Got these photos from Pat McManus who served in B Coy in the Coastguard Station and was a contemporary of Peter Campbell. The motor bike photo is of Pat in Waterford and the other may be Kilkenny 1965 with left to right Liam ??, Charlie O’Driscoll ,??, Pat McManus
On the day of the Christmas party in the late 1980’s (I think it might have been 1987) we got to do riot training in ‘The Brugha’ before we headed off to the Hotel Pierre (as it then was) for the customary meal and feed of drink.
It was one of the better ‘Christmas events’ we enjoyed in the 1980’s; up there with the fund raising gun pull (tow) from Dalkey to Cathal Brugha in aid of the Children’s hospital in Crumlin.
The 2nd Battalion lent the equipment, while we provided our own rioters most of whom were recruits who relished the opportunity to legitimately throw things at us. The Barracks provided a suitable battleground in the form of a street like location in the laneway behind our stores and an ample supply of turf as ammunition for the mob to use.
I recall Noel Lyster and Sammy Campbell instructed us in the drills. Advancing; strategically repositioning to the rear; and opening the front rank for a snatch squad to charge out and come back with the prisoners. I remember somebody querying a statement that “…you drive everybody off the street”, with a question “..and what about innocent bystanders”? “Son”, came the reply, “by the time you get on the streets there will be no innocent bystanders”.
That set the mood for the afternoon.
The Platoon gets ready. The front rank was made up of the cream of B Company Left to right Kev Phelan dresses the front rank “number two, left foot forward slightly, STEADY… number three back slightly…STEADY’. Des FitzGerald wonders if the shield is the right way up or not and what would happen if it was upside down. The Colonel worries that this is all going to end badly in a personal liability claim that will drag on for ages and make loads of money for some lawyer. Kev Connolly crouches behind the shield to ensure his famous good looks are not damaged by somebody breaking his nose. Eamon Timlin adopts a casual poise while wondering if it is time for a smoke yet.
The Platoon advances towards the very naughty boys. The snatch squads, who carried short shields, were behind the first rank of long shields. They must have been incredibly short or lying down because they cannot be seen in the photo.
The rioters. They entered into the spirit of the occasion with great gusto…it was much nicer to flinging things at the NCO’s (mainly making up the front rank) and the trained men than being marched around the square.
Peter O’Brien and Alan Kavanagh show off the style of clothing and latest colours in Irish military fashion that year…big shoulders and Green. No change there then.
Rossa Lyons poses like some war-tourist in Beirut or Belfast getting a picture for the album. He took the photos with my camera although some of us in the Platoon below were not convinced that he hadn’t brought a personal stock of turf up on the roof to join in…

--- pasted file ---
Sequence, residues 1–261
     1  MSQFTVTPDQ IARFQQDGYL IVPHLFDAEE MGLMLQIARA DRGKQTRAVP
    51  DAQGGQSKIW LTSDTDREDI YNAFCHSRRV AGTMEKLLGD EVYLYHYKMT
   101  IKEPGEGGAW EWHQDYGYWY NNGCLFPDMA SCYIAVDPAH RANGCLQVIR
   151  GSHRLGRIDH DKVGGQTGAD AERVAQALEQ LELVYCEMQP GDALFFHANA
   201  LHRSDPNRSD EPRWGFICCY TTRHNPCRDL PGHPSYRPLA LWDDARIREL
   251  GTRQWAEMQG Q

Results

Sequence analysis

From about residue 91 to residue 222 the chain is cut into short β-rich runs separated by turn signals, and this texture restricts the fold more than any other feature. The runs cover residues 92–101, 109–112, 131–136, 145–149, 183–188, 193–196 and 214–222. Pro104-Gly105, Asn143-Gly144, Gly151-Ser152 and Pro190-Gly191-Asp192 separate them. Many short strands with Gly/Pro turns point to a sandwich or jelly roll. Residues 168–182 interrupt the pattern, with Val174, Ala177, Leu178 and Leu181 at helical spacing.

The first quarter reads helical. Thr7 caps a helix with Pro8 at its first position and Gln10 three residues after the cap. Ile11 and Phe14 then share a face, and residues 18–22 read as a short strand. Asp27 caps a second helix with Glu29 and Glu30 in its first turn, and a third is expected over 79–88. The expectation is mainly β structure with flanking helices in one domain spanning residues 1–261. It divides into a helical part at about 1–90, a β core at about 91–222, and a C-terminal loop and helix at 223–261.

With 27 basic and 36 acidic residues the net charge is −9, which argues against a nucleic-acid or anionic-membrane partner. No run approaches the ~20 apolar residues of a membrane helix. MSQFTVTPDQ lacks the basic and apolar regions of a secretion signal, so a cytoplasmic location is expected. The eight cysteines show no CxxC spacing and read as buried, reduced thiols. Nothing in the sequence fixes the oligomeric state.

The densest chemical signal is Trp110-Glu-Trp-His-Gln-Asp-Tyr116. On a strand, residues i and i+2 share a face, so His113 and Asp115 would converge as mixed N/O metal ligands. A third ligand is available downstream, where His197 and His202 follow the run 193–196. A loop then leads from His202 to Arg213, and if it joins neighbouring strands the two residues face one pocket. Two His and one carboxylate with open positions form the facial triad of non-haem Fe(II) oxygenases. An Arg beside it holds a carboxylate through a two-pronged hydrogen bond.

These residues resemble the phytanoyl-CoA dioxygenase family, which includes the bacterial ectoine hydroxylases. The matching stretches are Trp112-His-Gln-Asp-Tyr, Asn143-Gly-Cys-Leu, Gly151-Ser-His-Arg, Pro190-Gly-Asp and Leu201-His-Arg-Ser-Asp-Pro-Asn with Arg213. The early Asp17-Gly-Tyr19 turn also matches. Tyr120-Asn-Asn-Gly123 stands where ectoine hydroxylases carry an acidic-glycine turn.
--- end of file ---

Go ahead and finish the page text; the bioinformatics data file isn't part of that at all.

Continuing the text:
Another shot of the front rank but with Des FitzGerald missing as he takes the photo and tries to get clear instructions from Noel Lyster as to which way was up on the big shields.
Admin edit: The author of this memoir is Dermot Bradley, who is sadly no longer with us. Dermot went on to be a highly respected historian and decorated civilian in Germany. His honours included the Verdienstkreuz 1st Class of the Federal Republic of Germany, Bundeswehr Cross of Honour in Gold (1993) and Honorary President of the Association of Defence and Security Policy in Nordrhein-Westfalen.
It was a great day for our “army”, having used tank operations of the German Field Marshal Erwin Rommel and Colonel General Heinz Guderian. After 24 hours of “fighting” we had won the day. This was in September 1959. The eldest of our “soldiers” was just under 16 years of age. We were well (-self) trained soldiers, having read everything available about the First and Second World Wars and Ireland’s policy of neutrality. We were the born soldiers, divided into two groups. All the local boys played our War Games. It was clear that we decided things so that our “German” group should win more frequently than the “Allied” group.
Recollections by Capt Kevin Browne, Bn Adjutant 21 Inf Bn
Like many before and after me my first formal introduction to the FCA was a visit by two recruiting personnel to my School. It was October 1968 and I had just completed my Intermediate Certificate and moved into 5th Year in St Michael’s CBS, Eblana Avenue, Dun Laoghaire. While I had seen people in Uniforms before at Corpus Christi processions etc I had never thought about the FCA or anything to do with the Army.
Think about the sort of thing you might say to someone in the mess with a few pints on board.
I will have to keep a eye out here for any libel maybe even have to get legal council to look over all posts, over the years I am sure we have collected a sufficient number of “barrack room lawyers” to get a solid opinion.
My brother Conor died suddenly on 27th July 2012. Like our Dad, and his brothers Michael and Brian, he joined B Coy, 21 Bn. I gathered a selection of photos for his family and these are the ones from his … Continue reading →